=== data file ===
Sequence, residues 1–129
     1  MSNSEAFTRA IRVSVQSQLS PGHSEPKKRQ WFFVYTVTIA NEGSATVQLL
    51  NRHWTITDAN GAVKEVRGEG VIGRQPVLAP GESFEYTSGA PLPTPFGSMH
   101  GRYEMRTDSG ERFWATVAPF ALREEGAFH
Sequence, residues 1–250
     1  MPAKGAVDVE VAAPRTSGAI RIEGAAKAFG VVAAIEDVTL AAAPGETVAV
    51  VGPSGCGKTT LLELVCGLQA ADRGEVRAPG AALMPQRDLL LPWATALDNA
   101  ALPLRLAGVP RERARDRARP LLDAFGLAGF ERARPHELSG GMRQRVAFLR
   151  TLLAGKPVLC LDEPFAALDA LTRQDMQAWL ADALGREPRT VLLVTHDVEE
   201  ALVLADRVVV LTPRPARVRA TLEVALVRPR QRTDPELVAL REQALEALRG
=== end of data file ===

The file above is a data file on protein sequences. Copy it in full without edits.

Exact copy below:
Sequence, residues 1–129
     1  MSNSEAFTRA IRVSVQSQLS PGHSEPKKRQ WFFVYTVTIA NEGSATVQLL
    51  NRHWTITDAN GAVKEVRGEG VIGRQPVLAP GESFEYTSGA PLPTPFGSMH
   101  GRYEMRTDSG ERFWATVAPF ALREEGAFH
Sequence, residues 1–250
     1  MPAKGAVDVE VAAPRTSGAI RIEGAAKAFG VVAAIEDVTL AAAPGETVAV
    51  VGPSGCGKTT LLELVCGLQA ADRGEVRAPG AALMPQRDLL LPWATALDNA
   101  ALPLRLAGVP RERARDRARP LLDAFGLAGF ERARPHELSG GMRQRVAFLR
   151  TLLAGKPVLC LDEPFAALDA LTRQDMQAWL ADALGREPRT VLLVTHDVEE
   201  ALVLADRVVV LTPRPARVRA TLEVALVRPR QRTDPELVAL REQALEALRG